Hill of the Heart – Panecillo, Quito, Ecuador – History, Public Spaces, Identities – by Megan Gonrowski . The North Star Reports: Global Citizenship and Digital Literacy, at NorthStarReports.org and facebook.com/NorthStarReports
The Panecillo, given this name by the Spaniards meaning “little bread”, is the small hill that juts up in the middle of Quito near the colonial historic center. Its Quichua (a major indigenous language of the Andes mountains since the time of the Inca) name is Shungoloma, which means “Hill of the Heart.” On top of the Panecillo, is a unique statue of the Virgin Mary with angel wings. The wings are important in this depiction of Mary because they are a reference to the biblical book of Revelations. This statue was placed on top of the hill in 1975, by the Spanish sculpture Agustín de la Herrán Matorras. The statue is made up of over 7,000 individual pieces of aluminum. The statue is one of the best landmarks in Quito because it can be seen from many different parts of the city. I first saw the Panecillo from afar when I visited the Basilica on one of my first days in Quito. The view from the Basilica is amazing to look over the city, but I can honestly say the view from the Panecillo is better because at the top of the Mary statue there is a 360-degree observation deck.
However, this tourist attraction or historical landmark, whichever way you look at it, has a deep-rooted identity with the people of Quito. I will share the story of the North versus the South as it has been told to me by local people from Quito. First, it is important to understand that Quito is a long city nestled in the Andes mountains and the city scape stretches from North to South. For a long time, the North has been known as the nicer and wealthier part of the city and the South has been assigned the opposite description. Whether it is fair or accurate, The South is often called dangerous or the poor part of Quito. This may have been true at one point in Quito’s history, but as the city’s population grows so does the blending between the North and the South in terms of wealth and areas that are possibly dangerous to walk around after dark. However, it is true that in the very northern part of Quito, the wealthiest neighborhoods still exist. This is not to say that there are not nice neighborhoods in all parts of Quito. My host family actually told me that the wealthiest people in Quito live in the North directly at the base of a volcano that has been inactive for decades, but she said if it were to ever seriously erupt, that neighborhood would go first.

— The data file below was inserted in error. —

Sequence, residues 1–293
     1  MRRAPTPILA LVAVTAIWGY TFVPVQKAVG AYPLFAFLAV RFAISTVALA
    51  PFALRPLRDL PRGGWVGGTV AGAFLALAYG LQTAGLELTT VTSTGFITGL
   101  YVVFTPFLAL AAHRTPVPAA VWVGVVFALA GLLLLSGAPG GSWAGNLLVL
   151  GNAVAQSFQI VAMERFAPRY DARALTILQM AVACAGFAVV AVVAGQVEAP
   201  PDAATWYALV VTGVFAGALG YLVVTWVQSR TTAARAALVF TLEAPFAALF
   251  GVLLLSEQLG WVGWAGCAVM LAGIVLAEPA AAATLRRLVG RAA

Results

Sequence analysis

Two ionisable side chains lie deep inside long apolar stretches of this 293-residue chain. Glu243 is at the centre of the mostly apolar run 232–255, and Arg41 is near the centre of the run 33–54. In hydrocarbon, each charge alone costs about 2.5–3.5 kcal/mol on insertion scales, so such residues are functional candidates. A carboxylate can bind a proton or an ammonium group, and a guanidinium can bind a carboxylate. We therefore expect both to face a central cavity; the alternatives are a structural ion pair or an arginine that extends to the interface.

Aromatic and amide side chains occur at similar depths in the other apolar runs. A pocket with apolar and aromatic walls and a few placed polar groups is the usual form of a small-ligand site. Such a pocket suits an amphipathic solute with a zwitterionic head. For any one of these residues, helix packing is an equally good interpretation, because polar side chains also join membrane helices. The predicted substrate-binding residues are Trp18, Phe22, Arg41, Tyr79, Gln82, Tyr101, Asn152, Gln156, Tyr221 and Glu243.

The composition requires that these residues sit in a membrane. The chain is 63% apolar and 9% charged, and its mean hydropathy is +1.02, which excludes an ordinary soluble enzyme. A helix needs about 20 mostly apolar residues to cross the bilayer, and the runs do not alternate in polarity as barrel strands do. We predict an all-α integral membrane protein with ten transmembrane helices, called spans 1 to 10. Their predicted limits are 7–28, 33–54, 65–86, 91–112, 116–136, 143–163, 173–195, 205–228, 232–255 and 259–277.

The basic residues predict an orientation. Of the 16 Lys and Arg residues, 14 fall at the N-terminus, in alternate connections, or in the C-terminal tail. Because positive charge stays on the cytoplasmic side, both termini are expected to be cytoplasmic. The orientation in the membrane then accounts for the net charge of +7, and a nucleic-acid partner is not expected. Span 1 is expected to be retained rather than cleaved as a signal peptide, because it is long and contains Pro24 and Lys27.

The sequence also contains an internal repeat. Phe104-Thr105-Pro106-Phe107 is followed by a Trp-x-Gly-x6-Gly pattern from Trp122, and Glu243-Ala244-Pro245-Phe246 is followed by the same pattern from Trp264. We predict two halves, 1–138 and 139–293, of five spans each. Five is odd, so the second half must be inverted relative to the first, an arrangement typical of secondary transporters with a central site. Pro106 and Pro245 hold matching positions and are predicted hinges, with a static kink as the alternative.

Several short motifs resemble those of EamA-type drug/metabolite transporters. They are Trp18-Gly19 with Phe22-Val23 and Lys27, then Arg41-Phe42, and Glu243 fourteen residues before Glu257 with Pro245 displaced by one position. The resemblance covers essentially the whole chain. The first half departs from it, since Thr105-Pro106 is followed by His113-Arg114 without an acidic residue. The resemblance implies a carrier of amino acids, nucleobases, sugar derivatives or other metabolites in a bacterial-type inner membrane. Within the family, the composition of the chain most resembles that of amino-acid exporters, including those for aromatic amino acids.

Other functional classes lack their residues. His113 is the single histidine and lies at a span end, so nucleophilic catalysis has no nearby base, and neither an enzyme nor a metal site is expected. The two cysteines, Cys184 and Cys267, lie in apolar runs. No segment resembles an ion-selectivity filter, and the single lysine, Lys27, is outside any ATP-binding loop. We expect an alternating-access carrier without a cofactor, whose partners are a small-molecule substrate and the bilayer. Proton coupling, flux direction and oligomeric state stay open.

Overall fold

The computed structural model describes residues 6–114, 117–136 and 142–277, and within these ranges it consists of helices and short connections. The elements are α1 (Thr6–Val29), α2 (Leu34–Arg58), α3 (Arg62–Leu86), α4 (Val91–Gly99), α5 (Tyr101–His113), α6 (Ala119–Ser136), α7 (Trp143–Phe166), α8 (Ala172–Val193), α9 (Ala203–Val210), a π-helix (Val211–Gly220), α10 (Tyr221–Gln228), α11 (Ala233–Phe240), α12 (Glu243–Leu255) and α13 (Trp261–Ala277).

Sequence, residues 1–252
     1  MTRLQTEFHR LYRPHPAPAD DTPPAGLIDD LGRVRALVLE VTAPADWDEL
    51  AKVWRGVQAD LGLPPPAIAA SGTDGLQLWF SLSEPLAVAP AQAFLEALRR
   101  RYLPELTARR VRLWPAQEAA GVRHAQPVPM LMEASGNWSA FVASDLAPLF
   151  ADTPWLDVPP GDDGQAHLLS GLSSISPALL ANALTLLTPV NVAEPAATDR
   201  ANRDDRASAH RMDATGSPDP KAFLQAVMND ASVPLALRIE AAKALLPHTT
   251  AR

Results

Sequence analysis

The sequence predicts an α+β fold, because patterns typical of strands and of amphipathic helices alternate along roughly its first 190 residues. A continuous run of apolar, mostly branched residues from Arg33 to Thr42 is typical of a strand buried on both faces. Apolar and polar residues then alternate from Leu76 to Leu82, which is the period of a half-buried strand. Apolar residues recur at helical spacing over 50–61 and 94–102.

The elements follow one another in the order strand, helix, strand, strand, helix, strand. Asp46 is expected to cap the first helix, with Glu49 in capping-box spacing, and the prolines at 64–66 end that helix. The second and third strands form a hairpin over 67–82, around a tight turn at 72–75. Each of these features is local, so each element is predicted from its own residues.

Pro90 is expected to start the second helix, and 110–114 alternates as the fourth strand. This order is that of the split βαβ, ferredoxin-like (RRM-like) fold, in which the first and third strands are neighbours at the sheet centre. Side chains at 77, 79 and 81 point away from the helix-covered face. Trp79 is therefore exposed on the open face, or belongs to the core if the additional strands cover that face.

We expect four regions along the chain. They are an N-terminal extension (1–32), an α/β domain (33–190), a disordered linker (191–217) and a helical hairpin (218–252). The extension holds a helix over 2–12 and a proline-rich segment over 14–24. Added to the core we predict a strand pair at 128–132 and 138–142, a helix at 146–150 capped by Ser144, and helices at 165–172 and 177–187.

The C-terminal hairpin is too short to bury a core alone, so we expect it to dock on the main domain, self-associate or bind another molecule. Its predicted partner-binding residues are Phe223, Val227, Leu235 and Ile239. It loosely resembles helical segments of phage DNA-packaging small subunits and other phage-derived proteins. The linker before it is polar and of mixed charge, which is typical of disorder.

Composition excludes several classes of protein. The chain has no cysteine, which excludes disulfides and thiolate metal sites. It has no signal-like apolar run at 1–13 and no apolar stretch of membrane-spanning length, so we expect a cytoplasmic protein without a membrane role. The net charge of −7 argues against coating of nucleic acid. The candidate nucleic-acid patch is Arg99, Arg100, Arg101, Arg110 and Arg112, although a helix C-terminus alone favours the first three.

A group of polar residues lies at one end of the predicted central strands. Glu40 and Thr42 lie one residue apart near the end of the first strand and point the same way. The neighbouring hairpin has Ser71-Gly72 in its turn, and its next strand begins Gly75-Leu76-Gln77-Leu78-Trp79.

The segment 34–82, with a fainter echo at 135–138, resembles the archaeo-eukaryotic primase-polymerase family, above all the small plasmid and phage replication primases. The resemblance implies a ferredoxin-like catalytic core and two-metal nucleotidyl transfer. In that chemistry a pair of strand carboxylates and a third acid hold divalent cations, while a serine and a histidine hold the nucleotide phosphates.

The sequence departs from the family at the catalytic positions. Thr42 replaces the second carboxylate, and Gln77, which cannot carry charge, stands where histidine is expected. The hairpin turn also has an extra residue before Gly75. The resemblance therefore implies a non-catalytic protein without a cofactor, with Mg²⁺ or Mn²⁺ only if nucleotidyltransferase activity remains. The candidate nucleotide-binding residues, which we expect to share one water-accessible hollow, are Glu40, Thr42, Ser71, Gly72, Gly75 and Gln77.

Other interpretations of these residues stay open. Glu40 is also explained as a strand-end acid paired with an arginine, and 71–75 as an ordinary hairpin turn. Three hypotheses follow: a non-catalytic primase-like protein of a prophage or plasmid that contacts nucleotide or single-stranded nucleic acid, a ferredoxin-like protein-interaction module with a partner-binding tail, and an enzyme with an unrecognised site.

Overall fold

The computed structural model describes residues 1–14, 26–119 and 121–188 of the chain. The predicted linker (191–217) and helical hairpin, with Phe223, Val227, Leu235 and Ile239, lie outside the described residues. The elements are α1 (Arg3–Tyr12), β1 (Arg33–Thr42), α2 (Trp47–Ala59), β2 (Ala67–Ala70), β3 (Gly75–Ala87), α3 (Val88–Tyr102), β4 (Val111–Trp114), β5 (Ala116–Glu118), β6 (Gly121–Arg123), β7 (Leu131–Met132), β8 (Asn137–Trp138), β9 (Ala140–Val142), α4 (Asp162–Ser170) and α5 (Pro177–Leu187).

The reason that the stereotypical differences between the North and the South is important for the history of the Panecillo, is because the Virgin Mary at the top cannot face both ways. Whether by coincidence or not, the Virgin has her back turned to the South. Therefore, giving the South the nickname “la espalda” or the back of the city. When the statue went in there was a lot of protest from the South because they obviously got the worse view of the statue. Many people from the South claim that this choice to place the statue facing the North was a public statement — that the North is the better part of Quito.
However, just to play devil’s advocate. I couldn’t help but notice that while visiting the Basilica and the Panecillo, that the Basilica and the statue of the Virgin Mary are directly facing each other from across the city. Both areas are on top of hills that surround the old city and its historic center where the President and other government officials reside. Perhaps, the importance of having the statue facing the Basilica could be an unbiased justification for why the statue faces one direction and not the other. Regardless of if this placement was intentional or not, many people still believe it to be true and this supposed coincidence still helps to fuel stereotypes about the people and living conditions in the South.
Megan serves as an assistant editor for NSR.
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